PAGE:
However, such concerns – and suggestions for improvements to the Directive – have been largely brushed aside by the Directive’s chief proponents, the right-of-centre EPP, which has been vitriolic in its response to public concerns, dismissing them as the actions of “bots”, etc. Despite this, efforts to get the Directive reformed did prevent it being passed in votes held during 2018, and for a time at the end of the year, it appeared that saner heads would prevail, and both Article 11 and Article 13 would be revised.

Unfortunately, this has proved not to be the case. Due to the way in which the EU works, a final log-jam in the wording was cleared at the start of February 2019 when France and Germany – two nations strongly in favour of the Article 13 – reached an agreement. This leaves Articles 3, 11 and 13 fully retained, with Article 13 somewhat worse than previously worded, as Julia Reda explained:

In the Franco-German deal [PDF]Upload filters must be installed by everyone except those services which fit all three of the following extremely narrow criteria:

  1. Available to the public for less than 3 years [and]
  2. Annual turnover below €10 million [and]
  3. Fewer than 5 million unique monthly visitors.

Countless apps and sites that do not meet all these criteria would need to install upload filters, burdening their users and operators, even when copyright infringement is not at all currently a problem for them.

– Julia Reda, February 5th, 2019

The potential implications of this are huge – and not just for EU-based services. Any service hosting content potentially covered by the Directive is liable to face significant issues, both in terms of trying to implement suitable content filtering and in potential penalties if they are considered to be in breach of copyright. Again, as Julia notes:

Even the smallest and newest platforms, which do meet all three criteria, must still demonstrate they have undertaken “best efforts” to obtain licenses from rights holders such as record labels, book publishers and stock photo databases for anything their users might possibly post or upload – an impossible task.

– Julia Reda, February 5th, 2019

Nor does it end there. There are significant ambiguities in Article 13 that potentially make the upload of content from EU nations problematic for platforms / hosting services:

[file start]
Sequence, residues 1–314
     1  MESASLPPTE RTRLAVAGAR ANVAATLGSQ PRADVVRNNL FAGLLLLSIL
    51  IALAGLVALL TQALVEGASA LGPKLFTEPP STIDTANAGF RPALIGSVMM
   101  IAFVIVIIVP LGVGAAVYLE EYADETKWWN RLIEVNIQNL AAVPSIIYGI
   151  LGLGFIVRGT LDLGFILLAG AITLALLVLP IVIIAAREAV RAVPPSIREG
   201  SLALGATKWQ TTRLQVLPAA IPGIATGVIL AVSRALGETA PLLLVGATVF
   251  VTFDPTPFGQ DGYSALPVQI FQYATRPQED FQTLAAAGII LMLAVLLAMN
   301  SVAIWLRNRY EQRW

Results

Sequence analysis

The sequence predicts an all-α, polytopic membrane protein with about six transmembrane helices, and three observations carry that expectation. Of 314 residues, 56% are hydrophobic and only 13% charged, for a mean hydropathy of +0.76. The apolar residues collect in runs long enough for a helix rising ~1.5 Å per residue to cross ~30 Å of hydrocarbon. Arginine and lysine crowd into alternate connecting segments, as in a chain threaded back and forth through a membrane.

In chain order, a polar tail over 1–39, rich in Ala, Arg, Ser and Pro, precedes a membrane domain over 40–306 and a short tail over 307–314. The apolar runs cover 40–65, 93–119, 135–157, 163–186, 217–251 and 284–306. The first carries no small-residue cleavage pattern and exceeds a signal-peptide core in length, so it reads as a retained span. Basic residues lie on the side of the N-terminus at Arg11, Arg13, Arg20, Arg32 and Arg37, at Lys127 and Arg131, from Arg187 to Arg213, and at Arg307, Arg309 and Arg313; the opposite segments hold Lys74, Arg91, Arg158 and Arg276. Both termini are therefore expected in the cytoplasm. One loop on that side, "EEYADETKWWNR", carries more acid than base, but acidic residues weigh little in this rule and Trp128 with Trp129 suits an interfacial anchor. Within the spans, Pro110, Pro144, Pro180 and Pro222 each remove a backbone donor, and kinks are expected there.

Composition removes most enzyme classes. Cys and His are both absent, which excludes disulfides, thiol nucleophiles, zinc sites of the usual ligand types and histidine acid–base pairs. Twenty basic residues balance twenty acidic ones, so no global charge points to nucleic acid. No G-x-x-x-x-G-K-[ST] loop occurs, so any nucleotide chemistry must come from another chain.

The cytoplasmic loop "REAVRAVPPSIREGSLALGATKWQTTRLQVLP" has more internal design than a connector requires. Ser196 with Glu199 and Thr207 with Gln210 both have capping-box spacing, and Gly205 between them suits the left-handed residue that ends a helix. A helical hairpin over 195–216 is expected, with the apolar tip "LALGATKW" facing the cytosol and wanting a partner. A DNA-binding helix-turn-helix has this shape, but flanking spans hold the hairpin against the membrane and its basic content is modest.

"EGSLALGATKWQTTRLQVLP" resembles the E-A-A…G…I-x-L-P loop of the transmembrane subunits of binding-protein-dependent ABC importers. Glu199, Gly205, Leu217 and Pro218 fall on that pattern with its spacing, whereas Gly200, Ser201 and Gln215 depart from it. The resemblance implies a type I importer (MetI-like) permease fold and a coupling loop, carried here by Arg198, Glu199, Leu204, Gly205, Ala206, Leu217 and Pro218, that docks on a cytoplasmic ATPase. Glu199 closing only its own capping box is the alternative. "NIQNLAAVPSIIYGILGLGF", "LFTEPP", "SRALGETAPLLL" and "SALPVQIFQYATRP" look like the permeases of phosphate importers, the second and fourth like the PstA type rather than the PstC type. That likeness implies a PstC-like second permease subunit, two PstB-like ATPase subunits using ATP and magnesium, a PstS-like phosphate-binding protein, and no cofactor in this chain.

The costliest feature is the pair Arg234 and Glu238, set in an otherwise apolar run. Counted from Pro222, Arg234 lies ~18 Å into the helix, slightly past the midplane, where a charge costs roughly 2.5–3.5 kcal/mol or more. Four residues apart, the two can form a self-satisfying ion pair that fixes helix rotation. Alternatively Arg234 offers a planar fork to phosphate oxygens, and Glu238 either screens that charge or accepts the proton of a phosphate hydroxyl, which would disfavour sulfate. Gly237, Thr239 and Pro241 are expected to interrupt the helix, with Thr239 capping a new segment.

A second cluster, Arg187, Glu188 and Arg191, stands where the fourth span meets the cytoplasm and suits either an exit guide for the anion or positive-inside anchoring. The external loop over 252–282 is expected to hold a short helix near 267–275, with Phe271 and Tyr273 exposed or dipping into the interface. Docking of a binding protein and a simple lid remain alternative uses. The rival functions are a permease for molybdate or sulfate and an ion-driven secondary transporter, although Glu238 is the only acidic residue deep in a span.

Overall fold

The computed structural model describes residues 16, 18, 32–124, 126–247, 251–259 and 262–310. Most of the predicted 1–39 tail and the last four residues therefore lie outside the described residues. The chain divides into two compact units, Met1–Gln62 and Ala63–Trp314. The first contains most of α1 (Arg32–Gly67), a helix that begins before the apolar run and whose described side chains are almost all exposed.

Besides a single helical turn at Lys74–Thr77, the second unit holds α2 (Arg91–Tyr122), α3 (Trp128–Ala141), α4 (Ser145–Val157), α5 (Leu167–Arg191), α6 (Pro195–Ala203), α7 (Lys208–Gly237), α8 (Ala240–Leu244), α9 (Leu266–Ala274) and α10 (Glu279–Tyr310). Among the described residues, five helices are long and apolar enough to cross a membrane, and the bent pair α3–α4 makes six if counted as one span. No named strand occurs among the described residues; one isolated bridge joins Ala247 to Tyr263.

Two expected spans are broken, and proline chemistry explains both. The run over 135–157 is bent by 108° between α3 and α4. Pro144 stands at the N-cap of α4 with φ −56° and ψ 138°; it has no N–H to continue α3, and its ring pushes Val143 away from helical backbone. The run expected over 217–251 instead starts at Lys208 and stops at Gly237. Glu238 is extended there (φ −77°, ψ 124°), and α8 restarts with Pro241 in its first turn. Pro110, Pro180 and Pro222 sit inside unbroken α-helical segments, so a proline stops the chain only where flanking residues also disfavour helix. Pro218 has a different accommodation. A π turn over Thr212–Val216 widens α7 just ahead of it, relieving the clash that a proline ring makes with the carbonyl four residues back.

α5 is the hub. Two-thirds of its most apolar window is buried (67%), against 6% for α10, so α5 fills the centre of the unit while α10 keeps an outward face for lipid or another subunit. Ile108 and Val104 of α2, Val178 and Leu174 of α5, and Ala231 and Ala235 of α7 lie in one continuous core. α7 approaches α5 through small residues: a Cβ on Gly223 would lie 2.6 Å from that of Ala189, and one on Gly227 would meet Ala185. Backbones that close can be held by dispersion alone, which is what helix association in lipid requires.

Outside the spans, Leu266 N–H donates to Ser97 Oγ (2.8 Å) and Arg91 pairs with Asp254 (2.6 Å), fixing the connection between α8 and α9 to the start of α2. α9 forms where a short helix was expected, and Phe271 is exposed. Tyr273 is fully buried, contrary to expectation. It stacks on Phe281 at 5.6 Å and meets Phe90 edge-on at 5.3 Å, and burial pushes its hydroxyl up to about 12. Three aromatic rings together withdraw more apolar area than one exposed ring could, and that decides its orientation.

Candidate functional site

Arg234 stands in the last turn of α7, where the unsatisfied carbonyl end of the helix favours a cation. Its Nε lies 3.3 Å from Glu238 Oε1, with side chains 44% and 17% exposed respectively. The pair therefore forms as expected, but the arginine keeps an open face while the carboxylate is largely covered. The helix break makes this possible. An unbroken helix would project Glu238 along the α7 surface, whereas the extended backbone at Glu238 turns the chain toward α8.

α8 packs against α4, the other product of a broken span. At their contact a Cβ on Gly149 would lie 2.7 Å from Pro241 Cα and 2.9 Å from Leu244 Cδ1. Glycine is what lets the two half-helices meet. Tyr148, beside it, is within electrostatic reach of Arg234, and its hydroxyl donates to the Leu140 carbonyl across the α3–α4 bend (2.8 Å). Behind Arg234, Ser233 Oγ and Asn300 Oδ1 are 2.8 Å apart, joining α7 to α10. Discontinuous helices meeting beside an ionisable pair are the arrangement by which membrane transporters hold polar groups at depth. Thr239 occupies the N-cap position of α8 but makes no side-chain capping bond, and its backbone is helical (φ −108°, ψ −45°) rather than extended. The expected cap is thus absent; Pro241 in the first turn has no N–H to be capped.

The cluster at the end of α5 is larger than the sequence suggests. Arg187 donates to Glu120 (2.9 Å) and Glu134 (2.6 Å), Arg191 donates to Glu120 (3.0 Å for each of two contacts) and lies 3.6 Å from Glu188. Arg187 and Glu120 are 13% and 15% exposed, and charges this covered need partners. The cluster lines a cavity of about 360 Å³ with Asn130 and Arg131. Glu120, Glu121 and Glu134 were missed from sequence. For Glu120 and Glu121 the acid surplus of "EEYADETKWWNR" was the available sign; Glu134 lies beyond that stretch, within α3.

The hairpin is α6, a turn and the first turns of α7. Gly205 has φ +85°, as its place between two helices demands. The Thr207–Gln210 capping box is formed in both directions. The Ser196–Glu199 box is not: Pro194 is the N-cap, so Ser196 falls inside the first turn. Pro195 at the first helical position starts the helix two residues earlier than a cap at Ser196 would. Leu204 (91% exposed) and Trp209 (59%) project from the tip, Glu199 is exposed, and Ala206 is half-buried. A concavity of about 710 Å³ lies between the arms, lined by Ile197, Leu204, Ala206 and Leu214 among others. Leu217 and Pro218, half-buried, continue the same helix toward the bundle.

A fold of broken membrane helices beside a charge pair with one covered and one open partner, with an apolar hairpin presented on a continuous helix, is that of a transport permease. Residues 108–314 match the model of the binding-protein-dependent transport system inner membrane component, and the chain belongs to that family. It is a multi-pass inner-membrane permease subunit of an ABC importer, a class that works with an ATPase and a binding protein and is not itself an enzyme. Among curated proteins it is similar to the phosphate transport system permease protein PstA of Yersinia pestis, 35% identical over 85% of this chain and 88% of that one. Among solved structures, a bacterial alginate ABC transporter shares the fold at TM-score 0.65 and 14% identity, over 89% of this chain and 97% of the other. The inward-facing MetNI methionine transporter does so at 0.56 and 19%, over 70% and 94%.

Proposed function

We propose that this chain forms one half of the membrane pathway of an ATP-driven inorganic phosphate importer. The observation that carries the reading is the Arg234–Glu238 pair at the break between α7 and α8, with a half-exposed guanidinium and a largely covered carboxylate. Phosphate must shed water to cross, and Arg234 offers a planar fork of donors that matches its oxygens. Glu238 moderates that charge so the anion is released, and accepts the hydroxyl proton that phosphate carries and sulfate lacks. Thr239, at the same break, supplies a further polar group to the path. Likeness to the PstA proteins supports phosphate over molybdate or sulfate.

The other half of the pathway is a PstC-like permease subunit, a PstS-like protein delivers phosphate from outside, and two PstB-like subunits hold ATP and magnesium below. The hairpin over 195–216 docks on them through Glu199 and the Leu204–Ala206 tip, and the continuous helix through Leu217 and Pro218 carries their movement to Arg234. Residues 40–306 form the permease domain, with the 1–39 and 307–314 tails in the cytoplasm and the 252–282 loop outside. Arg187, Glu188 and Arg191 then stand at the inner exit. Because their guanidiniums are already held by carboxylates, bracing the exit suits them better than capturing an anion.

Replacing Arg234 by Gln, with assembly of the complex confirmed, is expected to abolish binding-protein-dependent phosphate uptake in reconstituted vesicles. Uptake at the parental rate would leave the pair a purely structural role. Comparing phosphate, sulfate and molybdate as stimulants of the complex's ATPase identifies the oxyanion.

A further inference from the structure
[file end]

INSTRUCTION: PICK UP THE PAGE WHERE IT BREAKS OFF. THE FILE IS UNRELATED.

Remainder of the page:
• What happens to content before a platform receives notice from a rights holder over its use?
  • How does a platform provider go about seeking this information?
  • The role of rights holders in producing the required information needed by content platforms to identify their content.
  • The kind of content that will require a license.
  • Whether or not there are added legal responsibilities for creators.
  • There is no “fair use” provisioning (although the concept of “fair use” has never actually been enshrined in any EU law).

The first two bullet points above could result in content having to be blocked simply on the basis that it might be in violation of IP or copyright, while the third essentially puts all the cards in the hands of rights holders – theoretically a good thing, but one fraught with even greater potential for misuse by those rights holders that enjoy significant power.

The issue of the kind of content that will require a license, combined with the first two bullet points above it is particularly problematic where something like SL is concerned. What happens, for example to all the in-world models based on European vehicle, boat and aircraft designs? And what about images uploaded as textures or uploaded audio files, the playing of videos in-world? Such questions barely scratch at the surface of things.

Such are the remaining concerns that already, five EU nations have publicly opposed the current version of the Directive – the Netherlands, Luxembourg, Poland, Italy, and Finland.

The end-result on copyright is a step back for the digital single market. It [the EU Copyright Directive] fails to strike a balance between protecting right holders and the interests of individual citizens. This is why the Netherlands, Luxembourg, Poland, Italy and Finland don’t support the final package.

– Joint statement by the EU nations opposing the Copyright Directive,
as seen on the Kingdom of the Netherlands website

However, five nations are not enough to prevent the Directive becoming law.

EUCD Petition

One of the final phases of this process is a vote on the current wording of the Directive by all 751 MEPs. This had originally been scheduled for March 23rd, 2019. However, in a cynical move aimed at preventing objections from the public being made and considered by MEPs, the EPP has pushed for the vote to be brought forward to March 12th.

This is why it is now vital for anyone in the EU concerned about the potential impact of Article 13 (and the Directive as a whole) to make your feelings known to your MEPs and to the European Parliament. there are two key ways to do this:

  • By visiting https://saveyourinternet.eu/act/ and using it to e-mail those MEPs from your country who have been in favour of, or have no opinion on, the Directive as it stands.
    • Because of the accusations that e-mails being received by MEPs voicing concern for about the Directive, it is very important you do not simply cut / paste text into e-mails “as is”, but you take the time to write a personal letter. However:
      • Glyn Moody’s has provided a blog post which might help in formulating your own blog post.
      • My own e-mail (sent earlier this year) can be found here – again, please do not simply cut and paste, but use it as a potential guideline for your own e-mail.
  • By signing a petition.

When I last spoke to Linden Lab on the subject, they indicated that they were following the progress of the Directive and would review matters once the Directive was approaching legal status. Those of us in the EU, can – and noted – make our voices heard; so please do make sure you take the time before March 12th to e-sign the petition, locate your country’s MEPs and send an e-mail.